3 Unique, Money-Saving Tips
You’re well aware it’s important to save money. You might decide to save 10, 15 or 20 percent of your income. Or — if you’re closer to retirement age – you may have even more aggressive income-savings goals.
But while you know saving for retirement, saving for college, and saving for other financial goals is a good idea, you might wonder how to save money – especially if you already have student loans to pay off: rent, mortgage and utility bills, and other cumbersome financial commitments.
3 Tips for Saving Money
Here are three great money-saving tips. Follow these savings tips today, and you’ll be closer to creating the bright, stable financial future you hope to have before you buy that car or home, start a family or send your kids to college, travel the world or retire.
1. Get Your Savings – and Rewards – on Autopilot
To put your savings on autopilot, set up “automatic funds transfer.” There are two ways you might make this happen:
- The first is to have your employer direct a portion of your paycheck into a retirement or other account you specify – if your employer provides this service.
- The second is to have your financial institution automatically transfer funds from your checking account to a savings or investment account. This is even better if you have automatic withdrawals set up to an account outside of your regular bank. That way you won’t be tempted to dip into your savings every time you log on to check your spending account.
After setting up automatic funds transfer (or automatic withdrawals), there’s no effort needed on your part to save money, big time! Simply sit back and watch your savings grow. At the same time, your money will be out of sight, out of mind while you build the financially healthy habit of spending less money than you make.
Once you’re consistently saving a portion of your income, you’ll be well on your way to saving for college, saving for retirement or saving for whatever you hope to fund in the future.
To get rewarded – automatically – for saving, seek out a financial institution that offers savings account rewards. These rewards might be made available to you in the form of points you could redeem for interest-rate reductions, airline flights, hotel rooms, car rentals, entertainment or other perks; sign-up bonuses; prizes; financial advice to educate you on how to make smart money-saving decisions; or cold, hard cash.
Before you open up a rewards savings account, call or visit the bank and read the fine print to get all of the details. Try to steer clear of offers that sound too good to be true, or that require you to pay annual fees.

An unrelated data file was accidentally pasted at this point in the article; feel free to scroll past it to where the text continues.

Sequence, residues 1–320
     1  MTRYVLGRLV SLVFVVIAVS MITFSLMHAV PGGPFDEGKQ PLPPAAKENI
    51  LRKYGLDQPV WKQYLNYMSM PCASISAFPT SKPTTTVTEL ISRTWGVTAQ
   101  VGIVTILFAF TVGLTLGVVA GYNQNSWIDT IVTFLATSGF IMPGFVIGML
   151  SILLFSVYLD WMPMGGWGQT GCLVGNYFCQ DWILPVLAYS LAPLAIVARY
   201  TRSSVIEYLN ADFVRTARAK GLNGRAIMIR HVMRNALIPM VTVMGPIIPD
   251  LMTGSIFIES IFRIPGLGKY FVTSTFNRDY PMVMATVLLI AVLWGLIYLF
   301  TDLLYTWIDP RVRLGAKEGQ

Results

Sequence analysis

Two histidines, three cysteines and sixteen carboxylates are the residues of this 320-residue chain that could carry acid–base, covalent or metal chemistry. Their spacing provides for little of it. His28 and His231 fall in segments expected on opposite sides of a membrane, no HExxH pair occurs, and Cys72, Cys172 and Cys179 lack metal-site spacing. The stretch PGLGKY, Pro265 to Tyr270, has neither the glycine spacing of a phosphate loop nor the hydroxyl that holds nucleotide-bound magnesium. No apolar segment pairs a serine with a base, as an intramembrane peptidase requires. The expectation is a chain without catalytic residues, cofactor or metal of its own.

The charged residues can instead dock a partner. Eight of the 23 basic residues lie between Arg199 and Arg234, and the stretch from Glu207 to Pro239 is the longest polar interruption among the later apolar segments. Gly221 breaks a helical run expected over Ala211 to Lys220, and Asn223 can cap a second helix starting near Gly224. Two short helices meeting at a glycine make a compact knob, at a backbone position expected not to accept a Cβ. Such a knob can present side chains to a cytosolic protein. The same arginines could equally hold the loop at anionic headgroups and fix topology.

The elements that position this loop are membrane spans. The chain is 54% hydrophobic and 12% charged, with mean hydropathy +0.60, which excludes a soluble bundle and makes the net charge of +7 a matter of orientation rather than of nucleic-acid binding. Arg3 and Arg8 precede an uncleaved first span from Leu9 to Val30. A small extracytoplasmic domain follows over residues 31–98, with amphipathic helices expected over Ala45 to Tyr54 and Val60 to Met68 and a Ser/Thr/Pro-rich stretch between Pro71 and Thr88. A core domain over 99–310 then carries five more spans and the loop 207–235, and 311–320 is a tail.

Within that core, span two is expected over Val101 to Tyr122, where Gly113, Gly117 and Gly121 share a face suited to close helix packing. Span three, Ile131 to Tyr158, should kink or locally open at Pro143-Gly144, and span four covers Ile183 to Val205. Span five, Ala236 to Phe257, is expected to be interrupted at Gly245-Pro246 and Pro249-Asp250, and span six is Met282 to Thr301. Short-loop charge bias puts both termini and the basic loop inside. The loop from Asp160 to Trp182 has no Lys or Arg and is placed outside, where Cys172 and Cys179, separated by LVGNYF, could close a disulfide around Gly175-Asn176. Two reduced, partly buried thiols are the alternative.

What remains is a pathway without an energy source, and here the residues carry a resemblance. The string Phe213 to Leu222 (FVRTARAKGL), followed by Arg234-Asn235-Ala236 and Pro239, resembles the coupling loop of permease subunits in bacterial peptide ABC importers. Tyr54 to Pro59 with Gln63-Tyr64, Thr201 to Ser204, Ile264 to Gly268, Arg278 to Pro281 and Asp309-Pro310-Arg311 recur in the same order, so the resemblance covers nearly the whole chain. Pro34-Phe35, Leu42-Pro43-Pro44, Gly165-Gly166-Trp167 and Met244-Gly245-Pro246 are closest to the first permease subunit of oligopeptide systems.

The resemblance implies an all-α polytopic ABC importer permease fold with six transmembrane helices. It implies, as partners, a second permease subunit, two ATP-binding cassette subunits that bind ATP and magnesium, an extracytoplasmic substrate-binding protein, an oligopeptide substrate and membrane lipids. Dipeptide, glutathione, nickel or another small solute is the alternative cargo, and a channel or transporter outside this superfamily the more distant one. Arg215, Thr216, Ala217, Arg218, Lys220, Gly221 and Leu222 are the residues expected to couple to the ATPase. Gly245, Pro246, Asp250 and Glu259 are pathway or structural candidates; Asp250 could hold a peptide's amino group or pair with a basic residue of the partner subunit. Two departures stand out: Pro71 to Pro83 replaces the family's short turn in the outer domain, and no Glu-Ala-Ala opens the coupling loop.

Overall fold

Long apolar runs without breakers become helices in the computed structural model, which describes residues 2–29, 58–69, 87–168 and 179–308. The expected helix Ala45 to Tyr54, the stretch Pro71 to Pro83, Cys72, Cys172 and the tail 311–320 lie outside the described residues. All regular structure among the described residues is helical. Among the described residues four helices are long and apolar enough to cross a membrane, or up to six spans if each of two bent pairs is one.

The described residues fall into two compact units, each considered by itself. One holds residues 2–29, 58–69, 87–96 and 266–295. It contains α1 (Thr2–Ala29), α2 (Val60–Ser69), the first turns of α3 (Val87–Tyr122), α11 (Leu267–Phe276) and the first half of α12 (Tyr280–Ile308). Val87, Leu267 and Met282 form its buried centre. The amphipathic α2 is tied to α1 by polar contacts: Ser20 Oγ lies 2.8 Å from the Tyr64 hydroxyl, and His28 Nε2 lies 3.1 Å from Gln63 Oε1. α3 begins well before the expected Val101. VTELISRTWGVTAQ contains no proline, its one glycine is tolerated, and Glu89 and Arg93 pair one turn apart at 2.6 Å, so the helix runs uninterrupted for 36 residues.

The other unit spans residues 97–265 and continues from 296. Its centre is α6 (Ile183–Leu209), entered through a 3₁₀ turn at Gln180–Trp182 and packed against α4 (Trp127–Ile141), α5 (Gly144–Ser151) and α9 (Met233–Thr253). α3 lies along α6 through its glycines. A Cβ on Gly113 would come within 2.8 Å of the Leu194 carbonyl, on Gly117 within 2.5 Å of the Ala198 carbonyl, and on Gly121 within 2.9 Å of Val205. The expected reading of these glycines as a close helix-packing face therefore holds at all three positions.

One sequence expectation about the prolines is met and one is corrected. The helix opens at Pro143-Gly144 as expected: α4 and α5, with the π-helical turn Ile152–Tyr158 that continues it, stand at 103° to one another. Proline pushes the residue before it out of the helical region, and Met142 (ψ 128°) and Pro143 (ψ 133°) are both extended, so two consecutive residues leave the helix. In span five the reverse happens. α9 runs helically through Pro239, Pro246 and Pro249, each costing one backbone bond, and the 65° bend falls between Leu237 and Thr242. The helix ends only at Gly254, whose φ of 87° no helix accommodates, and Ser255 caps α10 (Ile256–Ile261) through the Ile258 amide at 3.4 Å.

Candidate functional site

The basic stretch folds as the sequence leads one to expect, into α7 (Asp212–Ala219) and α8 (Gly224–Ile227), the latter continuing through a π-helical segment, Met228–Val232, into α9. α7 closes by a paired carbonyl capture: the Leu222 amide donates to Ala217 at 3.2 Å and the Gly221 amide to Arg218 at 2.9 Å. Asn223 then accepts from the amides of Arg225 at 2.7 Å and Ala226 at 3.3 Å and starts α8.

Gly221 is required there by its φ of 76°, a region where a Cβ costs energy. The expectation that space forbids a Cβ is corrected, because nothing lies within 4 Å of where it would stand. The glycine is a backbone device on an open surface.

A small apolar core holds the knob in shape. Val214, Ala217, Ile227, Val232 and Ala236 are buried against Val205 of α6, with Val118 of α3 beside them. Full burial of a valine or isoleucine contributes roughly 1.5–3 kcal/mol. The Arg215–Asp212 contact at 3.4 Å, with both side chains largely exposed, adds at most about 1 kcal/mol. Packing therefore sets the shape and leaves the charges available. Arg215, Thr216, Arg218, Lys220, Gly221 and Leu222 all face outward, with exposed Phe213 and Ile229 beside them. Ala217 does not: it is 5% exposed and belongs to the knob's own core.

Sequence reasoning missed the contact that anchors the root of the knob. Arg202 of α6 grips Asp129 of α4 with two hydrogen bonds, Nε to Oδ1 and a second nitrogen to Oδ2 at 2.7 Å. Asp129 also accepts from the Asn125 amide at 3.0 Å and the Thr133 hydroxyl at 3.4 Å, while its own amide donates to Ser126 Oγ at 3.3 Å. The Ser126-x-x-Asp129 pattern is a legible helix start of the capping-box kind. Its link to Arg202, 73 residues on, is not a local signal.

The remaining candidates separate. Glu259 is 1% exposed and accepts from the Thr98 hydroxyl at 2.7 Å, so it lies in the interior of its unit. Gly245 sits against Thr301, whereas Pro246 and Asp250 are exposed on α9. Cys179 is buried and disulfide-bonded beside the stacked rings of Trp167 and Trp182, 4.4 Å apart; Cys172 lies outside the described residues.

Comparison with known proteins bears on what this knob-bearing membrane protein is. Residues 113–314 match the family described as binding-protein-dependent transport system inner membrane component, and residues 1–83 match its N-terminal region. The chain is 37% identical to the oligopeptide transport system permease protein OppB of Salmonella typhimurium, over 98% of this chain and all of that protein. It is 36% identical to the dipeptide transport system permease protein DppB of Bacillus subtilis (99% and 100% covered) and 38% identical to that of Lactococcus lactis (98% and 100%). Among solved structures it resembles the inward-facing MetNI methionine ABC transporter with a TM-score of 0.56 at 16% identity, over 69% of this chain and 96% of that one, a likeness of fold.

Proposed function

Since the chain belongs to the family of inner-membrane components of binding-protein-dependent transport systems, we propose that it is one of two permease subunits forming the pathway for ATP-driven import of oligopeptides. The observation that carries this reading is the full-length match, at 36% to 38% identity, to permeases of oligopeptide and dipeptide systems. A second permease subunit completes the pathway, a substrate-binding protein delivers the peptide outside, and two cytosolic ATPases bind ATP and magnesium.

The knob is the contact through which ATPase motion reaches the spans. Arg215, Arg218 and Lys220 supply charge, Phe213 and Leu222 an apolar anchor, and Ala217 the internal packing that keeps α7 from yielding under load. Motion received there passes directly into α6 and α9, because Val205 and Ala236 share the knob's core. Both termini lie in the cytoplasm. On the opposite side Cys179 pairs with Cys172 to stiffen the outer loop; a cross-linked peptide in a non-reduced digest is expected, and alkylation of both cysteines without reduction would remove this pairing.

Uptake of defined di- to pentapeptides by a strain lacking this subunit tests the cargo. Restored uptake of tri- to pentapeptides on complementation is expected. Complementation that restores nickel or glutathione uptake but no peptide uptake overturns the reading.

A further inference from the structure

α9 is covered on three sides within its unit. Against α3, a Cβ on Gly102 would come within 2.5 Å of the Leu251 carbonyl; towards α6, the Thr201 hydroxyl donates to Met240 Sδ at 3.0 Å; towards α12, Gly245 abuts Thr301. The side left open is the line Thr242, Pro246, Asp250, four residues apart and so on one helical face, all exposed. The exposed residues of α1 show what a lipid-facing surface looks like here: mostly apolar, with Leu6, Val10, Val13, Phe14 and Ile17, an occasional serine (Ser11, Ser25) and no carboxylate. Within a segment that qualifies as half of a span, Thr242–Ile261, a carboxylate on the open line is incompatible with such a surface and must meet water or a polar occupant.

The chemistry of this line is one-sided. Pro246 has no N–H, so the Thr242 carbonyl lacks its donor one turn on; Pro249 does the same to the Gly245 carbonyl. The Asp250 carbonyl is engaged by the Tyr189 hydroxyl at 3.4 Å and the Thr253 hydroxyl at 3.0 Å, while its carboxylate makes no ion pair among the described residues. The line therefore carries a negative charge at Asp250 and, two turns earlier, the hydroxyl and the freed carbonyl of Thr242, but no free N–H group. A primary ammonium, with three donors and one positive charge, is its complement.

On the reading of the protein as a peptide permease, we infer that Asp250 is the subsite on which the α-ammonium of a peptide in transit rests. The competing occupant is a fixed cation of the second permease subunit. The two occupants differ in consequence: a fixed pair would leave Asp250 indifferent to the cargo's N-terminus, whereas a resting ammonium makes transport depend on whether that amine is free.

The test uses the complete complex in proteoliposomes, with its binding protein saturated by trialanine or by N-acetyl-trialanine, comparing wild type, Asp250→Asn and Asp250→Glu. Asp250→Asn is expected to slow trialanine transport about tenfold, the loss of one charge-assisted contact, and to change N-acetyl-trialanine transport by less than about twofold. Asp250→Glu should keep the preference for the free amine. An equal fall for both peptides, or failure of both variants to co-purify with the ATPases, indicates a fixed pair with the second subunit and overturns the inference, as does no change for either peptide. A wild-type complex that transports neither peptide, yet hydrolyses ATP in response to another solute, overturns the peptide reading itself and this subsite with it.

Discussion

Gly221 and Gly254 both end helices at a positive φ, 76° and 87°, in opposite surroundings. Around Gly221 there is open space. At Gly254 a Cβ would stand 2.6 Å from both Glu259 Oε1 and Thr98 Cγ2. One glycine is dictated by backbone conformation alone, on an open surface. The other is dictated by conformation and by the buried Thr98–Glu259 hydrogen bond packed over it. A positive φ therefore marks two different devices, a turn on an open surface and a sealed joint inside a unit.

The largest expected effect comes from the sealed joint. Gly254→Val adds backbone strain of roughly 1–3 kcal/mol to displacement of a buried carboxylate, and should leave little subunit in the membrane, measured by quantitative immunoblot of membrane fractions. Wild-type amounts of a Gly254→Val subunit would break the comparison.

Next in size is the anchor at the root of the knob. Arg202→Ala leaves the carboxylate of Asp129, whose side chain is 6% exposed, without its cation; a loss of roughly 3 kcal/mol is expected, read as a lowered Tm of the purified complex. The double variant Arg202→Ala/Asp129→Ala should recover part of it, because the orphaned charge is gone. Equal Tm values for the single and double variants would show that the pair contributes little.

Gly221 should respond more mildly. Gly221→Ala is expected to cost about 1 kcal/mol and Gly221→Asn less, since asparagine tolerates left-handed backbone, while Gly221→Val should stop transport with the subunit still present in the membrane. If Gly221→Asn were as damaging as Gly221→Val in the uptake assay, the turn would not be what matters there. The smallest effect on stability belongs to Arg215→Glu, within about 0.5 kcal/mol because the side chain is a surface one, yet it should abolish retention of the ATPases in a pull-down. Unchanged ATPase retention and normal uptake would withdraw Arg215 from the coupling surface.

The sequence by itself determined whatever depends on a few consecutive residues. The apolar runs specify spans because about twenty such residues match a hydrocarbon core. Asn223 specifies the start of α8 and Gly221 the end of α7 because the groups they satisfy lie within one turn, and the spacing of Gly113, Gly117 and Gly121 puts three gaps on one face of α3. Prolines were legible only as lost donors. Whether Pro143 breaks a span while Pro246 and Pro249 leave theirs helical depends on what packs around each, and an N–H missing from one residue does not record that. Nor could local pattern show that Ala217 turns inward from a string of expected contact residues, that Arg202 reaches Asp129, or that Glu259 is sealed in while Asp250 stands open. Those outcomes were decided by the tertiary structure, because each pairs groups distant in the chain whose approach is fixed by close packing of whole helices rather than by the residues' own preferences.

2. Redefine Vacation
Here’s an idea of how: imagine your dream vacation. Where do you want to go, and why? What do you want to do there? How do you hope the vacation will make you feel afterward?
For example, you might want to fly somewhere tropical so you can relax on a white, sandy beach while you soak up the sun. Or maybe you’d like to go somewhere remote, where you can enjoy beautiful views and let someone else cook and clean for you while you get massages and read a good book. You might hope your vacation will leave you feeling rested and ready to return to the real world with a new perspective on life, or more energy and enthusiasm.
These experiences sound wonderful, but also expensive! So imagine how you could replicate these experiences … closer to home.
Is it the warm air you’re after? Schedule some time to sunbathe in your back yard or at a community lake or pool in the summertime. Or if it’s the middle of winter and you can’t wait, get a guest pass or pay a one-time fee and sit in the sauna and hot tub at a health club or spa near you.
If you want to travel, try bringing in some extra income with crowd sharing sites. Sign up to make money off of your car, cooking for others or even giving neighborhood/city tours. Check out the blog post from Nomadic Matt, How to Use the Sharing Economy to Travel on a Budget for cool ideas.
3. Discover “DIY”
In the habit of outsourcing household chores, such as mowing the lawn, shoveling the driveway or raking the leaves? Do you hire others to do your dirty work, like painting your walls, cleaning your house or fixing the faucet? Or perhaps you’re paying through the roof to learn how to play an instrument or speak another language.
Learn how to do it yourself (DIY)!
These days, lessons for practically everything we want to know are available from numerous instructors – for free – at out fingertips. Simply do an internet search for the topic you want to learn more about, like “how to paint window trim,” “how to play ‘Blackbird’ on guitar,” or “how to make a website,” and you’re well on your way to realizing significant savings on tasks you might have otherwise paid someone else to do for you.
In addition to saving money by “doing it yourself,” you’ll build skills you could use to potentially make money in the future – all while having fun. After all, it’s gratifying to learn and apply new skills to get jobs done all by yourself.
Explore Even More Money-Saving Tips
Want to discover even more ways to save? Sign up to receive the free ebook, “Ten Simple Ways to Boost Your Emergency Fund.” Inside, you’ll discover why it’s important to have a safety net and great ways to save more money.
Written by Melanie Lundheim
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